GDPR News Center News for 07-26-2018

GDPR

As of May 25, 2018, registrant information-name, organization, address, phone number, and email-will be considered personal data that can no longer be published in the public Whois. While the audience for registrant data may no longer be the entire public, it will still be sizable. The service also provides a way for third parties to contact the domain owner via the privacy service email address displayed in the Whois output, an option that will not be provided as a part of GDPR data protection. The personal data associated with a domain that is protected by Whois privacy will not be shared with registries. Here we will disclose all the uses of personal data that are required by contract in order for us to provide the requested domain service. 

At this time, we will also request consent from the data subject for those data uses where our legal basis is their consent. Request consent for any data elements that are not required by contract,. Certain registries require additional information in order to complete domain registrations, and in these cases, we will include in our contract a point about processing those additional pieces of registrant data. We give the option of processing any piece of personal data that isn’t essential or necessary to provide the service. For most domain registrations, we don’t require the registrant to provide their phone number, but by collecting this piece of data we are able to provide a backup verification method. 

The data is required by a third party, with whom we do not yet have a GDPR-compliant contract. If we don’t have a GDPR-compliant contract with this particular registry, we would have to request consent from the data subject to process and share this extra piece of personal data before completing the registration. 

Keywords: [“data”,”Whois”,”domain”]
Source: https://www.enom.com/support/the-gdpr

GDPR CONSIDERATIONS FOR INTERNAL COMMUNICATIONS

GDPR is one of the most prominent regulatory changes coming up in 2018. Companies that breach the GDPR legislation will receive a fine of €20 million of 4% of annual turnover, whichever is higher. Businesses and other organisations will be required by law to prove their employees have received communication about the GDPR and that they understand what it means for them and the organisation they work for. As a function, we also need to be aware of the information we hold on our employees and ensure that we are complying with the new legislation too. Here are some key things to consider when preparing for the GDPR:.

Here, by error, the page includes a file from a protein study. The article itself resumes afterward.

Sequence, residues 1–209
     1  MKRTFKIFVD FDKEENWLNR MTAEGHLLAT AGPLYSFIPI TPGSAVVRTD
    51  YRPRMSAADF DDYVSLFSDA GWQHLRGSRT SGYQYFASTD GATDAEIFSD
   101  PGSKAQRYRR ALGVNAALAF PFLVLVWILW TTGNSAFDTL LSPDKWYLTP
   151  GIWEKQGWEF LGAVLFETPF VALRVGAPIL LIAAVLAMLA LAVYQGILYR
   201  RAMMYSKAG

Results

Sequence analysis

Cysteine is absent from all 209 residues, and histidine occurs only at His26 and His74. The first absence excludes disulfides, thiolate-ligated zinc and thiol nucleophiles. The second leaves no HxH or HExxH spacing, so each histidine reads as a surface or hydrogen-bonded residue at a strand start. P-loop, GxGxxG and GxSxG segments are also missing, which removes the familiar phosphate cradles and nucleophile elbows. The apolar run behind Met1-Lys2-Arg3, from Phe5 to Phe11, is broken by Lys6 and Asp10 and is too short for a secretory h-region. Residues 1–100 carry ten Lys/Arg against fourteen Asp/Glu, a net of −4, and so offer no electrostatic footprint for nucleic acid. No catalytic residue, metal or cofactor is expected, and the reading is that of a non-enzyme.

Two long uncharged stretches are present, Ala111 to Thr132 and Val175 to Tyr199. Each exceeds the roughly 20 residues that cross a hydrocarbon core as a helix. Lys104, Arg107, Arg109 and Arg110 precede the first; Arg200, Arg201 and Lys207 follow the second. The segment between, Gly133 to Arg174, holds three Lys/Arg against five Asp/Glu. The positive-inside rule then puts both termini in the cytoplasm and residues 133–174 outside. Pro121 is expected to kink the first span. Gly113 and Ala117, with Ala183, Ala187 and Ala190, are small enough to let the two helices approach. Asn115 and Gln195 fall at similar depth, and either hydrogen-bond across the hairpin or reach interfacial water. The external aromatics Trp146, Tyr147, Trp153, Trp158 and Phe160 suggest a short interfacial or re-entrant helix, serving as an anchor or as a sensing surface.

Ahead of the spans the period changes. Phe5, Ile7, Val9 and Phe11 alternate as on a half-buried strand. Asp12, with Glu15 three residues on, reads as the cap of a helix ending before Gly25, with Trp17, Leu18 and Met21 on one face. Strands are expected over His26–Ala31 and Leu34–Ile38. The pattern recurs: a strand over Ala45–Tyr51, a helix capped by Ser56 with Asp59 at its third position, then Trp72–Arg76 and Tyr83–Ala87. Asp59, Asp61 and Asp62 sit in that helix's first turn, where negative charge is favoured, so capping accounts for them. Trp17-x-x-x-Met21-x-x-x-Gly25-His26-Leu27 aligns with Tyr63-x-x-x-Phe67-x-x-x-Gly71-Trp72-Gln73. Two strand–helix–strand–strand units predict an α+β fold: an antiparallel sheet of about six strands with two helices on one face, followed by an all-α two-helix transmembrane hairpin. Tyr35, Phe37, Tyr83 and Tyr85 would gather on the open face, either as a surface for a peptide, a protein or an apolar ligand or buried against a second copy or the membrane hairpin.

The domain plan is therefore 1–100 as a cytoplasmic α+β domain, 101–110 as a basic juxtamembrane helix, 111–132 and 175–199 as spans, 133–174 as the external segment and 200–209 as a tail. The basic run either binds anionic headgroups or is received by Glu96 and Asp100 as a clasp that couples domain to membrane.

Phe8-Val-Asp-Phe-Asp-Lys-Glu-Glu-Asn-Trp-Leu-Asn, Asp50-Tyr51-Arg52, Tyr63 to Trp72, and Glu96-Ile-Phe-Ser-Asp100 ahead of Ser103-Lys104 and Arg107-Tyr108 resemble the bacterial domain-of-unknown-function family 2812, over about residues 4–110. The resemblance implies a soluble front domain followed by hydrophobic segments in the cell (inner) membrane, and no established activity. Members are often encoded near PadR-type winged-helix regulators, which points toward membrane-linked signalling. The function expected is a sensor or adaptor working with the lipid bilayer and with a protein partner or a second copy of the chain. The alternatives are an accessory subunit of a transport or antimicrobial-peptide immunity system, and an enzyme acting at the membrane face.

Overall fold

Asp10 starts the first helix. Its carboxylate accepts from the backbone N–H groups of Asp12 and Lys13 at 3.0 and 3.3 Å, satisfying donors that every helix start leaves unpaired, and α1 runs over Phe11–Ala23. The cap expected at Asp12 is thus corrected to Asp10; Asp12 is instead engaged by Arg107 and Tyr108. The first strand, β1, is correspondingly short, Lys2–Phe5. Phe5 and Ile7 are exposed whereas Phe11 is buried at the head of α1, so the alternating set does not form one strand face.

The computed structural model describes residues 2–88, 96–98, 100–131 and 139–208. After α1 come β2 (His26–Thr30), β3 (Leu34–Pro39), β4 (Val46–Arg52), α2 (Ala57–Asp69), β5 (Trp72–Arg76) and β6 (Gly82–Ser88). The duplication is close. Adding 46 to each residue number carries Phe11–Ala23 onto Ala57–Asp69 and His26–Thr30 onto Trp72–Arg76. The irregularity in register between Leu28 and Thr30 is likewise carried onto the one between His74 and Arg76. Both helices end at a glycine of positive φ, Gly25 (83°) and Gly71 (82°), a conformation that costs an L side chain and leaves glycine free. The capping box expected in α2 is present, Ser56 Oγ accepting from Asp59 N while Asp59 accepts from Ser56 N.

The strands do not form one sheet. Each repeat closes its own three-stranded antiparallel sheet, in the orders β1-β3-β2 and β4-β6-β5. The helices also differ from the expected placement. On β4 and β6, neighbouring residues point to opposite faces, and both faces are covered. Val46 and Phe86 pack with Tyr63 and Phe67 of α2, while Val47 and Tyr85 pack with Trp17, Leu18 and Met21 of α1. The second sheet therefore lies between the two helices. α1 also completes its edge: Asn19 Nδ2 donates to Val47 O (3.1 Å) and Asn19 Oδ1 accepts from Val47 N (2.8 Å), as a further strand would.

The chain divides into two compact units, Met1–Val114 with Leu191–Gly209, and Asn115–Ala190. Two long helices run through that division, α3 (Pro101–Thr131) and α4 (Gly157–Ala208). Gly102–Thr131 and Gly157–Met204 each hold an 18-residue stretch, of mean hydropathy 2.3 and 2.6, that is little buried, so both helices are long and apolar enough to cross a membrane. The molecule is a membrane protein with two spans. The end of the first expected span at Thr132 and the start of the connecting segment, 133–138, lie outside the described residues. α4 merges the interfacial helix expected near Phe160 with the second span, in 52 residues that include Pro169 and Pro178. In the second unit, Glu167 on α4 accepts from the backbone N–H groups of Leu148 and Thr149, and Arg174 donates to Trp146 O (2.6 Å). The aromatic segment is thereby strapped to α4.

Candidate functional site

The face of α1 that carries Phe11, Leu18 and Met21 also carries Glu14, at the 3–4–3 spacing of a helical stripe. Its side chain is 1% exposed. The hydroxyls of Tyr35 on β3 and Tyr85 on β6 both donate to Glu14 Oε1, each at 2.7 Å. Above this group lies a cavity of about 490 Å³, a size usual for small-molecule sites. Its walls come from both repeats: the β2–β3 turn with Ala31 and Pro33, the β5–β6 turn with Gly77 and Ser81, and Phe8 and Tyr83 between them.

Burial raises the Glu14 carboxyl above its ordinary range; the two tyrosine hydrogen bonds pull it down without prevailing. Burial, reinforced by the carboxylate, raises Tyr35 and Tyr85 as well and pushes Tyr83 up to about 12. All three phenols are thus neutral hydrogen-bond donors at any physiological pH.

Find out who is overseeing the GDPR programme/process in your organisation and ask to join the project team, if you’re not already part of it. It’s important internal communication help to guide the strategy from the outset as cutting through the noise and ensuring all employees are aware of the changes will be a legal requirement. Start communicating regularly with your employees now to help them understand what the legislation means and what they are required to do around recognising and protecting information. The GDPR may affect how you manage internal communication. Remember, this information might be stored locally in paper, GDPR is not only about digital records. 

Internal communication need to understand the impact those changes might have on employees and share appropriate, targeted communication about policy changes, training on the new legislation etc. Now is the time to understand how they are being used and ensure employees understand how these channels are impacted by the GDPR and what their responsibility is to keep information secure. We strongly recommend that internal communicators start preparing for GDPR now. 

Keywords: [“GDPR”,”employees”,”information”]
Source: http://www.ciprinside.co.uk/gdpr-considerations-internal-communications

GDPR Support

GDPR compliance is a worry for many businesses based in the EU. This free extension supports Cookie Compliance and Customer Data Anonymisation. The ZERO-1 GDPR Support module for Magento 1 adds some key features to aid your support in meeting the requirements set out in the new General Data Protection Regulation legislation which comes into effect throughout the EU on 25 May 2018. Key requirements under the new legislation include the removal of customer data on request. Magento Core code does not currently facilitate this therefore all sites without this extension will not be adhering to legal requirements, given Magento can store customer cart data and customer order data for failed orders. 

Both these should not be retained by Magento under new laws. The ‘Express Consent’ law also requires that you refrain from setting ALL non-essential cookies from operating UNTIL express consent has been granted. Features: Cookie Notification Popup requesting ‘express consent’ from your website visitors upon entering your website. Delete Customer & Anonymise Data from Admin or Front-end – Although legally a business is permitted to retain customer information if the customer has purchased from you, Magento does have functionality to record sales data even if the order has not technically resulted in a completed sale. This extension allows you to fully anonymise customer data from Customer, Sales, Quotes tables so that you can feel assured that you have met your GDPR obligations. 

ZERO-1 have also partnered up with a law firm specialising in supporting the other requirements which must be met. These include onsite documentation such as Privacy, Terms & Conditions and Cookie Policy. This extension requires a basic understanding of Google Tag Manager. 

Keywords: [“Customer”,”Data”,”Magento”]
Source: https://marketplace.magento.com/zero1-zero1-gdpr.html

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